Call Out Culture, also known as Learning Stuff

Most of the things I know about racism, I learned and continue to learn from being called out for my unhelpful attitudes and actions. In classrooms, on social media, in friendships, and in casual conversation with people who were basically strangers, people have pointed out to me that my perspective is not neutral; it is shaped by my whiteness as well as other particularities of my social position. Some of these people have been gentle and gracious. Some of them have harshly instructed me to shut up and check my privilege.

Both of these approaches have been immensely helpful to me.

Sometimes I have needed someone to come alongside me and help me navigate the unfamiliar waters of discussing race and racism, and my friends who are not white and who live this as a daily reality have sometimes been willing to add my education to their burdens. For this I am so very grateful.

Sometimes I have needed to be knocked abruptly out of my assumption that my perspective is accurate or has primacy, and I’m grateful also for the people who took the enormous risk of challenging me in this way. I recognize now, although I didn’t always at the time, that it was a risk, especially in spaces that were predominantly white, or where I held more power than the person critiquing me.

The rest of the things I know about racism, I learned from reading the books and articles that were recommended to me by the people who called me out.

None of this was particularly pleasant, because people weren’t always polite and gentle about their challenges. Plus, who wants to be wrong? Who wants to discover that their perspective has serious blinders? Who wants to learn that they carry a legacy of oppressing others, or that they benefit from systems that exploit and abuse others? I certainly didn’t. If no one had ever called me out, I would not have realized it was necessary to dedicate my time to learning things about myself and my culture that are unpleasant, unflattering, and in opposition to the values I claim to espouse. But the people who called me out impressed upon me that I could learn and change, or get defensive and continue to participate in a system that actively harms people who aren’t white. Yikes, what a choice!

And then I learned that the choice isn’t a one-time thing. It’s every day, every situation. Part of the whole white privilege thing is that I get a choice; I can opt not to do the work of dismantling racism, and not suffer any noticeable ill effects. So, somewhere along the line I decided that I would not give myself permission to opt out.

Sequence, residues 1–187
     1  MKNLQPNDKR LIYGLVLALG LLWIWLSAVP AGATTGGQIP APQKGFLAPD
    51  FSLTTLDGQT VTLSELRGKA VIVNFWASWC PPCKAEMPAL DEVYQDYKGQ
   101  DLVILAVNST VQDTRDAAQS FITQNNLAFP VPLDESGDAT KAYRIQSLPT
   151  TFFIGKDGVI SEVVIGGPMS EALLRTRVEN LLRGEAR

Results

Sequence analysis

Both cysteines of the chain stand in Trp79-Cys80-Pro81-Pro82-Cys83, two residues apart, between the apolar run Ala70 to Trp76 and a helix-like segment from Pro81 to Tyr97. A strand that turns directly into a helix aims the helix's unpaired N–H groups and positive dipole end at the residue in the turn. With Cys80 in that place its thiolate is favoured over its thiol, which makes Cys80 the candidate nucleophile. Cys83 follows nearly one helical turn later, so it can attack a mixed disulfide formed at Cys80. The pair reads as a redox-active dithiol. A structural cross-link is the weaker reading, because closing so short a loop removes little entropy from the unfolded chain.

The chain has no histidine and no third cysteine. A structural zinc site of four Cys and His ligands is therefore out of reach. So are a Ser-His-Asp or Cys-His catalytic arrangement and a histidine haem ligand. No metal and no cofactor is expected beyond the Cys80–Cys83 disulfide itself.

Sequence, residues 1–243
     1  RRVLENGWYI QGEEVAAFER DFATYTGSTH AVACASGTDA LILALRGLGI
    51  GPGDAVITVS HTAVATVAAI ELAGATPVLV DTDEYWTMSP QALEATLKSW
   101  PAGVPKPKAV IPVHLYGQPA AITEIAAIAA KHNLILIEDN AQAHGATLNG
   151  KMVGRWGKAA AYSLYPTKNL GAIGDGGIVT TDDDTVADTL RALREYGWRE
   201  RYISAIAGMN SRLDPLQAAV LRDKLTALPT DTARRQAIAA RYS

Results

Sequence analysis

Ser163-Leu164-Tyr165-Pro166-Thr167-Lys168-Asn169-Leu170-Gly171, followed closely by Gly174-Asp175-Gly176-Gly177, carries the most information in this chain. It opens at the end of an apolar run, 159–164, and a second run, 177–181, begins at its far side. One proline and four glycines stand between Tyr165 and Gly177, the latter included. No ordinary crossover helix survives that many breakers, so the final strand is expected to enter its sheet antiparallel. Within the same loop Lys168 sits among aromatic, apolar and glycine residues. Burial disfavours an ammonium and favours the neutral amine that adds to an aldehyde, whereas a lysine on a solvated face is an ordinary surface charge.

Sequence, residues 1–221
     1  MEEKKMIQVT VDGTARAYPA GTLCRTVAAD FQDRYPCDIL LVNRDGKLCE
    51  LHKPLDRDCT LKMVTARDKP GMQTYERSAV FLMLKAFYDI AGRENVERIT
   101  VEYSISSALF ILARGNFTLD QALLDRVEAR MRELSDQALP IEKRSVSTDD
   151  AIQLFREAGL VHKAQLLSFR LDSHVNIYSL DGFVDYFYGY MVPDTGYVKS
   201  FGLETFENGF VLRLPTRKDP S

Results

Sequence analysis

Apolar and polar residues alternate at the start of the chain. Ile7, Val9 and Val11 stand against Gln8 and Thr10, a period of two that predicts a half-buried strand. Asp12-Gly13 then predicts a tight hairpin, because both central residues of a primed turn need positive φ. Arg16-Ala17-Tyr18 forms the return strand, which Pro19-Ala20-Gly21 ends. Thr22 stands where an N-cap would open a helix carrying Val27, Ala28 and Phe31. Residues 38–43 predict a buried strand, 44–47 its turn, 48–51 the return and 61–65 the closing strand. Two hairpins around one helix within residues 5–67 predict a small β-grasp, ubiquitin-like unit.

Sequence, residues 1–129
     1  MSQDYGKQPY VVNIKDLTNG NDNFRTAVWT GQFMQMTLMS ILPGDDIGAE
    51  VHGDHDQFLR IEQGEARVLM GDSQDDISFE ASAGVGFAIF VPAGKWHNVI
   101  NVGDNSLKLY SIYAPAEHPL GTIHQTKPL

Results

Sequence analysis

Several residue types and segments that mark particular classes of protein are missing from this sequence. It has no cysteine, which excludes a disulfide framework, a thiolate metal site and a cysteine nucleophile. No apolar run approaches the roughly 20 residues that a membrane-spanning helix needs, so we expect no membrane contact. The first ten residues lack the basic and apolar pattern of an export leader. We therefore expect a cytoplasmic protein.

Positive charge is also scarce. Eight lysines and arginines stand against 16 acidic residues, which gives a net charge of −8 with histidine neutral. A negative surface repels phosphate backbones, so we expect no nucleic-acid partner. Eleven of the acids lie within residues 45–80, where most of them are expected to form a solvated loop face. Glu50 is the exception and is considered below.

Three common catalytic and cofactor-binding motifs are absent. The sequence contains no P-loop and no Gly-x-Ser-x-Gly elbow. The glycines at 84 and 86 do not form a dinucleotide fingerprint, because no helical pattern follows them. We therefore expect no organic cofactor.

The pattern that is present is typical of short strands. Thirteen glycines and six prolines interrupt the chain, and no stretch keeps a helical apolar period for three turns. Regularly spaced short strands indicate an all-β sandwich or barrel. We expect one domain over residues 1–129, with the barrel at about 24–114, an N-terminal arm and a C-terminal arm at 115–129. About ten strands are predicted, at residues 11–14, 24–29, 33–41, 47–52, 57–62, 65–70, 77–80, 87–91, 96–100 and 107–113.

That means that sometimes now I am the person doing the calling out – because one of the things I’ve heard over and over from people of color (and marginalized people in general) is that they are absolutely exhausted from giving their time and energy and risking themselves to not only preserve their own lives, but also educate people like me along the way. Once they’ve invested that time into me, they have said, the best thing I can do is talk to other white people, so POC don’t have to be the only ones spending their time and energy and risking themselves to talk about racism. So yes. If I encounter other white people wielding their whiteness in unhelpful ways, I’m going to call that out. It’s uncomfortable and people don’t like it, but oh well. It is not always possible to tell someone, “Stop being unhelpfully white,” in a manner they will find acceptably pleasant.

And I still get called out, because I still don’t get it right all the time. But that’s okay, because after it happened a few times and I learned from it, it didn’t hurt so much to be called out. It just became part of accepting that I need to be knocked off my privilege pedestal from time to time. Defending my own goodness or rightness is not the only response option.

I can listen.

I can believe POC when they tell me something is a problem for them.

I can use my hurt feelings as motivation to do some self-examination rather than as a reason to disbelieve or discredit POC.

I can restrain myself from insisting that my intention was good, or that my character is good (see: “not all white people”), or that my perspective is neutral and therefore I get to define what is offensive.

I can do some work, and read/watch materials from POC.

I can apologize and change my behavior in the future.

I can choose to learn something.


Or I could just get mad about being called out.



2 Comments Add yours

  1. Nan Costello says:

    Great info, Rev. Which book on the topic did you find most helpful?

    1. Stacey Midge says:

      It kind of depends what you’re hoping to learn specifically. I think Dear White Christians by Jennifer Harvey is a pretty good starting point.

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